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Three Good Reasons to Survey Your E-Mail List

  |  July 17, 2006   |  Comments

When was the last time you surveyed your e-mail list?

When was the last time you surveyed your email list?

Though you don't want to conduct surveys all the time, I find this easy, cost-effective tool for learning about your list is too often underutilized. You should be able to survey your list two to four times a year without causing a backlash or creating a situation where oversurveying leads to greatly diminished response.

There are so many things you can learn by surveying a list:

  • If you have specific questions, you can get specific answers. I recently surveyed an association's email list to identify the most convenient offline locations and other details (parking, metro access, price) for its monthly luncheons. We'll use this information to select a venue we hope will increase attendance.

  • If you just want to learn more about your list, you can. I recently surveyed a client's house email list to learn more about who was on it: what size company they worked for, where they were located, and which industry issues concerned them most. We'll use this information to better target email marketing efforts to this group.

  • You can find out if you've still got readers' attention. Got a list that's unresponsive to your promotional and newsletter email messages? Send them a short survey with a relevant incentive for completion. If they don't respond, chances are you've lost them for good.

Most best practices associated with offline surveys hold true in the online realm, including:

  • Offer an incentive. You're asking for some of the respondent's time; make it a barter deal by giving something in return.

  • Make the incentive relevant to your business. Discourage professional sweepstakes entrants from taking your survey by making the incentive something only your target market will find valuable. If you're a broadband service provider surveying DSL customers, offering the chance to win a free year of DSL is a better than offering a chance to win a trip to Disneyland.

  • Focus the survey. Resist the temptation to do an everything-plus-the-kitchen-sink survey. This can be especially tough if you're in a large organization, where people tend to want to jump on any good idea that someone else is doing the legwork on. Decide what you really want to know and stick to it. You can always do another survey in three to six months.

  • Keep it short. I like mine to take two minutes or less. Time yourself or someone else taking it.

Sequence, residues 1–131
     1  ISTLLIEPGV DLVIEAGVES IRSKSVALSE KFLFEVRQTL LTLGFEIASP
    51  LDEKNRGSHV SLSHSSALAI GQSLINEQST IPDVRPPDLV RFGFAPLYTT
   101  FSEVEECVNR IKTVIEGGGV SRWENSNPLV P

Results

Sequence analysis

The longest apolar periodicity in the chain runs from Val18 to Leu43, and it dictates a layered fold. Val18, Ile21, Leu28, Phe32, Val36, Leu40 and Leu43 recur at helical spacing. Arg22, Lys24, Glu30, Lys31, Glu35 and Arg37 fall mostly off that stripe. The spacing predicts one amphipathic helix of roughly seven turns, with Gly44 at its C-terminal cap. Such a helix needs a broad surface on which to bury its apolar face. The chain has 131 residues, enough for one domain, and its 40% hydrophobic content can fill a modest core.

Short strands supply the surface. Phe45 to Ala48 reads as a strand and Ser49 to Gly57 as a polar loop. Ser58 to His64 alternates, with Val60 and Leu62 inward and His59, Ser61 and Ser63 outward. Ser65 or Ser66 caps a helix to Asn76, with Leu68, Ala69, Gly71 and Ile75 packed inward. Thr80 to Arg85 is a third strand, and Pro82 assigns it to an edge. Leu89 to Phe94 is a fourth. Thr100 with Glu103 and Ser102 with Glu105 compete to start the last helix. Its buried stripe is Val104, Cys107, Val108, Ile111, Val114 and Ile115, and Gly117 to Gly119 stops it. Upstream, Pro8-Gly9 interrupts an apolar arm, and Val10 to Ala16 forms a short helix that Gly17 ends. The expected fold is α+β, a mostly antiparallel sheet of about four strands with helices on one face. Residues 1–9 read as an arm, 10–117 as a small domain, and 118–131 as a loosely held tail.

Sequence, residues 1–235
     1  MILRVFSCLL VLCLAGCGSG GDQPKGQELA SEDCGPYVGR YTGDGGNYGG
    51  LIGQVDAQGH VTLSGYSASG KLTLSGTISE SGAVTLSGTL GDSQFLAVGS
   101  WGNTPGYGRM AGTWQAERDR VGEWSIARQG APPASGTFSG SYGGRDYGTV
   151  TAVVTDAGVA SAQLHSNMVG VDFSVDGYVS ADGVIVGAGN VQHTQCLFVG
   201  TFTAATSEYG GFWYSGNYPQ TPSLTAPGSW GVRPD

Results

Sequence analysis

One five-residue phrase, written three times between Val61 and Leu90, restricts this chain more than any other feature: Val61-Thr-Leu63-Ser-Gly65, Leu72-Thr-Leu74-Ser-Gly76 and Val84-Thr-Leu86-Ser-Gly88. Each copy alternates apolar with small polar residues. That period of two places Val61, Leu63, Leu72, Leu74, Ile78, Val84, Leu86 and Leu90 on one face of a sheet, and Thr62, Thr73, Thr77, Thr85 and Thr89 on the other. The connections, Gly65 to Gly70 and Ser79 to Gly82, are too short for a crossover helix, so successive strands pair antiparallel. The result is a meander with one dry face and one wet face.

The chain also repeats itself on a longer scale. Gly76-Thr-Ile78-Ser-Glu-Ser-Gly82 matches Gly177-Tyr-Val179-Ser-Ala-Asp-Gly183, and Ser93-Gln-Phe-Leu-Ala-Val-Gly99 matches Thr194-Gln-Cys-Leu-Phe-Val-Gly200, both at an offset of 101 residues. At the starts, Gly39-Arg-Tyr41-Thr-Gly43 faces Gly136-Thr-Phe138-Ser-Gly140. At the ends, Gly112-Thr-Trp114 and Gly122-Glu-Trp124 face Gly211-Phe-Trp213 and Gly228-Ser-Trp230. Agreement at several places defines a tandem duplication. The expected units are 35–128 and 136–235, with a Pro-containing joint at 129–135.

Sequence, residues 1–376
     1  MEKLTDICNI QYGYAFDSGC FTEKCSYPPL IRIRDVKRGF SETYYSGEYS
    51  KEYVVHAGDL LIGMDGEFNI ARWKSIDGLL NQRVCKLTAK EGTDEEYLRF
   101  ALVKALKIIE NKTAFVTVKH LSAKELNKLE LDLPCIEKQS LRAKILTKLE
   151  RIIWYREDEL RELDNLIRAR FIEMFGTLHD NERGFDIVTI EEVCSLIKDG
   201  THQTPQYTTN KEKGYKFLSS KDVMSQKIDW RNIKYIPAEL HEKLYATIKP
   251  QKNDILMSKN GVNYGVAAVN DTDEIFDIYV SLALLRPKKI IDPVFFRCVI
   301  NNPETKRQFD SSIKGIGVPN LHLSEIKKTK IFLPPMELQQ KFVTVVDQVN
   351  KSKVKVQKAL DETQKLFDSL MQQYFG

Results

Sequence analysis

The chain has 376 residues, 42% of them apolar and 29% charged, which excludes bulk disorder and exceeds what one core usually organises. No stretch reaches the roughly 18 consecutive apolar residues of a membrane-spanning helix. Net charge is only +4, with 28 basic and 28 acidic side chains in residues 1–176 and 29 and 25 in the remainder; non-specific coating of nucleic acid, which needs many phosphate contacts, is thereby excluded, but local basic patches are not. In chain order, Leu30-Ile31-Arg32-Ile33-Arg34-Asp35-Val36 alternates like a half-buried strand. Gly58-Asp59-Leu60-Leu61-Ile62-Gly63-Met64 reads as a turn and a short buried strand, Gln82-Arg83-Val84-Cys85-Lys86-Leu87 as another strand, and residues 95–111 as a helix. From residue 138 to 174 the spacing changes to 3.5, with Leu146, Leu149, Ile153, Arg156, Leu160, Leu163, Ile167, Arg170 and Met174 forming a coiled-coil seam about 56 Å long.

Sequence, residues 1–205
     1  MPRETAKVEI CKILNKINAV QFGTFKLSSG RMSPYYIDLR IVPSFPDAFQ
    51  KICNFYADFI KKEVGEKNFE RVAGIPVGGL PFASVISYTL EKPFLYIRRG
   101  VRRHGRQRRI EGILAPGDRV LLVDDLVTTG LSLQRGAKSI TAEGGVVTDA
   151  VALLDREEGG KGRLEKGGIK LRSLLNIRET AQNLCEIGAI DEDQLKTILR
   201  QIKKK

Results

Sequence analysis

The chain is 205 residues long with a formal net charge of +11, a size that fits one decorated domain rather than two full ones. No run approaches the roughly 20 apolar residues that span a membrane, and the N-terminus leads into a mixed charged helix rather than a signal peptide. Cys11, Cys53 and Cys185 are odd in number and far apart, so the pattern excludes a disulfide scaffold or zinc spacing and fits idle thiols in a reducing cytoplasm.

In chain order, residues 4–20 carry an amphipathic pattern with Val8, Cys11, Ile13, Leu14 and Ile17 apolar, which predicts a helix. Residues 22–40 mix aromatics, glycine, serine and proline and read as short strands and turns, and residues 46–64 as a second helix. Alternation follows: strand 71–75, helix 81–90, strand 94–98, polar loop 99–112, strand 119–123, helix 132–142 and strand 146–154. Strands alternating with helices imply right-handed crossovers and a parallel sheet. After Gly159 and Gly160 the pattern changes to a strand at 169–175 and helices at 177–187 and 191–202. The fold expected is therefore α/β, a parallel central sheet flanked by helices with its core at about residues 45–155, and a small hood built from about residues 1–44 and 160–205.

• Ensure questions are clear and concise. Have a third party read the survey and provide feedback. A question that makes perfect sense to you may confuse respondents.

  • Tell the audience what they're in for. Tell people taking the survey how many questions it has, how long it is, or how long it should take to complete. Let them know there's an incentive (be specific) waiting for them at the end. The better you set expectations, the fewer people you'll lose mid-survey.

One mistake some companies make is the type of information they request. You don't want to ask respondents to do your job; you want to ask them for information so you can do your job better. It's a fine line. Let's say you publish an email newsletter. Asking respondents to provide article topics and ideas is asking them to do your job. Offering them a list of industry issues and asking them to rate the importance of each gives you information to do your job better.

Open-ended questions are a double-edged sword. Use them wisely. They're harder to tabulate than multiple choice questions because you must do it manually. That's the down side. But their very nature can yield responses you'd never have dreamed of. That's the up side. Mix a few in with easier-to-manage multiple choice options.

Now, a few words on technology. Some email service providers (ESPs) have "in-email" survey capability, meaning recipients see and can complete the survey right in the email body. Though I'm not against this, be sure the technology works for the majority, if not all, of the recipients. It sounds simple, but Outlook is slightly different from Gmail, which is very different from Lotus Notes. If the technology doesn't work with all of them, you won't get the results you're looking for.

I know it adds an extra step, but I like to set up surveys online and send an email with a link. I use SurveyMonkey.com, although I've heard good things about similar services. In addition to providing a great deal of flexibility in the survey creation process, SurveyMonkey's reporting capabilities are very impressive. It's amazing how it can offer this level of service for such a low monthly fee.

If you haven't lately, it's time to survey your email list! Let us all know how it goes.

Jeanne

Want more email marketing information? ClickZ E-Mail Reference is an archive of all our email columns, organized by topic.

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ABOUT THE AUTHOR

Jeanne Jennings

Jeanne Jennings is one of the World's Top 50 Email Marketing Influencers (Vocus, 2014). She has more than 20 years of experience in the email and online marketing and product development world. Jeanne's direct-response approach to email strategy, tactics, and creative direction helps organizations make their email marketing initiatives more effective and more profitable. Clients include: ConsumerReports.org, FDANews, Hasbro, PRWeb, Scholastic, Verizon, and WeightWatchers. Want to learn more? Check out her blog.

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